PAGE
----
It is important to have a basic understanding of the parameters and modelling assumptions used in a dynamic analysis. The appropriate mass, damping, and stiffness of the structural model are critical to obtaining realistic dynamic response results.
The effects of dynamic loading rate on line component capacity is also a very important issue. Rapid loading can arise from broken conductor loads, ice shedding, etc., and the question that needs to be addressed is how a line component (e.g. tower members, insulator assemblies and foundations) responds to a rapid load event. Several structural systems and components have been tested to determine the effects of dynamic loading rate on failure modes. The behaviour of tower foundation capacity under rapid dynamic loads has also been investigated through full broken conductor tests on transmission lines (CIGRE TB 788).
There is a significant number of published literatures where advanced structural dynamic analysis has been used to better understand the performance of transmission line systems. These investigations provide examples on how to carry out and apply dynamic analysis on overhead lines, and benchmark analysis in some cases. They have shown that numerical methods can be extremely powerful, i.e. they can produce highly accurate results when built upon a solid theoretical formulation and are properly calibrated using experimental tests.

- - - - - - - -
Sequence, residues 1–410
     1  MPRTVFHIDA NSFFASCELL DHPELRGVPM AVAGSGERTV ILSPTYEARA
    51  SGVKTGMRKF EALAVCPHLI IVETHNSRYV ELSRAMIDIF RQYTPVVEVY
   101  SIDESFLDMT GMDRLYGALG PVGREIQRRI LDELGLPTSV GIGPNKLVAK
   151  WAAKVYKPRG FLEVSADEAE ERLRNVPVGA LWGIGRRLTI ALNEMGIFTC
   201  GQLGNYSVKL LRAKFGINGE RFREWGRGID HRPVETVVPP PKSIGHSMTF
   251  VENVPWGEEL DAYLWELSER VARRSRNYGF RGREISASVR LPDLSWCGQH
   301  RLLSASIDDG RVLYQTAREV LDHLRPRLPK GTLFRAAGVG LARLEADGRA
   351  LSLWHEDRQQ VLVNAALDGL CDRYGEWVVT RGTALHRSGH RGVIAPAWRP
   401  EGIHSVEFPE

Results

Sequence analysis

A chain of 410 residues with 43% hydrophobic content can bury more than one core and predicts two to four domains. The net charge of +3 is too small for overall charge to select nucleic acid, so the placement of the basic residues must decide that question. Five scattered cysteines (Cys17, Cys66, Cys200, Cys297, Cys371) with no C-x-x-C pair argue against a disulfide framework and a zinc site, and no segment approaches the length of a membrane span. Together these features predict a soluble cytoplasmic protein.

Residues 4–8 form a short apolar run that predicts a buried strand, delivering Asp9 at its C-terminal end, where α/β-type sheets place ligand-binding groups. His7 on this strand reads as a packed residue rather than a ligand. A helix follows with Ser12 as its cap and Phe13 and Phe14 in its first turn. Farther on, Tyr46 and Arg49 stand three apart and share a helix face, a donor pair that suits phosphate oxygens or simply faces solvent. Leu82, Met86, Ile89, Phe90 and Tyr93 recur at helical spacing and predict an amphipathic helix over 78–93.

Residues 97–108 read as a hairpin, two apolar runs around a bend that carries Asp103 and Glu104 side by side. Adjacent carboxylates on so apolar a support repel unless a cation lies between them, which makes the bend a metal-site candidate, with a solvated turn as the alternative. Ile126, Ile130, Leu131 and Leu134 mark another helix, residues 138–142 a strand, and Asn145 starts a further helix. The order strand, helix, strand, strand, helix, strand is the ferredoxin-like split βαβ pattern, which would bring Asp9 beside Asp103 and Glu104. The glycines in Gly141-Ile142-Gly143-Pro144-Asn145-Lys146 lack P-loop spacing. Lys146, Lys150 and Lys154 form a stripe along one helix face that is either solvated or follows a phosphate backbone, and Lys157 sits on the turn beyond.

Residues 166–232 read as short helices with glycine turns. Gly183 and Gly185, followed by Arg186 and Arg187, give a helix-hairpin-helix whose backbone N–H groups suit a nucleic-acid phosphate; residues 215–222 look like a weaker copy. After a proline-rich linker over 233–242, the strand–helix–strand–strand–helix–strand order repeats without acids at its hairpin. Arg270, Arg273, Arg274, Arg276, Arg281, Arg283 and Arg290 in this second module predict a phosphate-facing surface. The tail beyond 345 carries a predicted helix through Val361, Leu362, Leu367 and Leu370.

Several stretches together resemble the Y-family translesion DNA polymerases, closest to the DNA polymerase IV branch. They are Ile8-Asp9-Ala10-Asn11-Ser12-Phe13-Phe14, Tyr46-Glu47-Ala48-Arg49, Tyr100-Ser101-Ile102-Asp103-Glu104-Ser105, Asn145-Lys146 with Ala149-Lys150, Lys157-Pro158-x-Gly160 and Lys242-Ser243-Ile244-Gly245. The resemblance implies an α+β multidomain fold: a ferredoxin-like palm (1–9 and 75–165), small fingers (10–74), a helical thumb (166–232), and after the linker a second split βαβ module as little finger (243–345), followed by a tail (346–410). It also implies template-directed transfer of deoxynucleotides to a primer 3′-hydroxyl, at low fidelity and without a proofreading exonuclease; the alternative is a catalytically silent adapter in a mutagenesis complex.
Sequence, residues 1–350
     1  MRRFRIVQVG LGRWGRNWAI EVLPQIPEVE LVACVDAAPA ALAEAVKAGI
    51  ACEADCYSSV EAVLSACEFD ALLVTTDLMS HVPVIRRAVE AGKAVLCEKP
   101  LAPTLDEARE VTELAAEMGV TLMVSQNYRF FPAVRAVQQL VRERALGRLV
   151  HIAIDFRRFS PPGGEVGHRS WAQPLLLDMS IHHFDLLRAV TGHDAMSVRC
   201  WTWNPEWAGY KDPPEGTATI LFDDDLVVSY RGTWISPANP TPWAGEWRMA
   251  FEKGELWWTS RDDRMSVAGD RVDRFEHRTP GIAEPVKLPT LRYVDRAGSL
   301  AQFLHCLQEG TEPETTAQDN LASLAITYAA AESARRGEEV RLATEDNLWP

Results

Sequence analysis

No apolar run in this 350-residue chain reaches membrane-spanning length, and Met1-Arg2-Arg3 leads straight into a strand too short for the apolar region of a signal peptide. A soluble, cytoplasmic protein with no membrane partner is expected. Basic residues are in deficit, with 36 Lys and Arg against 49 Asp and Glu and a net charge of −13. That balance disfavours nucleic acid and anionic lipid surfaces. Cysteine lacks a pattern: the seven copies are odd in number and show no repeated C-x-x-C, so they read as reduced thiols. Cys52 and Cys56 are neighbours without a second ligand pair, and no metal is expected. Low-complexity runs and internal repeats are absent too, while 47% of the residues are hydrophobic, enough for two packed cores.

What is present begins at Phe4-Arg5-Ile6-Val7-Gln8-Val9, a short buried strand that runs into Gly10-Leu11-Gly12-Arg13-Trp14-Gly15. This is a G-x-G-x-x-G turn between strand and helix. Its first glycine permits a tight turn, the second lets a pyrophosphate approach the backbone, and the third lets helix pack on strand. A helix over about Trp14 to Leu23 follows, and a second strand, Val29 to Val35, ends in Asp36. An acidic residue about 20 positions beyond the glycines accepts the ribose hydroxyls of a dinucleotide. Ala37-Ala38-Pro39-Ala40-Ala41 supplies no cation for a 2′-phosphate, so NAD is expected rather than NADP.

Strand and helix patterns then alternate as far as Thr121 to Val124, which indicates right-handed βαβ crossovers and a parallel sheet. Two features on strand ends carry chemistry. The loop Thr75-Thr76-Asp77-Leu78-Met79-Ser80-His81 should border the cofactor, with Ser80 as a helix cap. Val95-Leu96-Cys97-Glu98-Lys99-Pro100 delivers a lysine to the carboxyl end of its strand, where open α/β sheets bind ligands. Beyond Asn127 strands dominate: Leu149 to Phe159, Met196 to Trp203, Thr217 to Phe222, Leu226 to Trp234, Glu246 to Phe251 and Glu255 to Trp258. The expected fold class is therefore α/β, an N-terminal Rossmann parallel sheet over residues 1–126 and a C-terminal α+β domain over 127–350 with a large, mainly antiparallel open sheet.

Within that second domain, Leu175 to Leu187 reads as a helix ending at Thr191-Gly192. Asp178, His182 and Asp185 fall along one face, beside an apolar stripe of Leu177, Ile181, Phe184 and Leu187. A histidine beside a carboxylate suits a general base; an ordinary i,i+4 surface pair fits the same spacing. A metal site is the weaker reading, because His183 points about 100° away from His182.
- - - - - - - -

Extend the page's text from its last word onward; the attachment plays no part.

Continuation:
It is important to keep in mind that the equivalent static loads, usually provided in design codes, are derived to provide a similar component response as it would be subjected to a real dynamic loading. Hence, these given equivalent static loads are valid within a range of applications that satisfy the premises from where they were derived. The boundary between the range where they are valid and where they are inaccurate depends on the structural configuration and type of loading, and may be imperceptible by the industry and/or by transmission line engineers, who may not be familiar with advanced structural analysis concepts. In this context, structural dynamic analysis capabilities are an important tool to understand the structural performance of transmission line components when subjected to time-dependent loads. Structural dynamic analysis demands non-trivial efforts in modelling loads, member resistance, and structural response.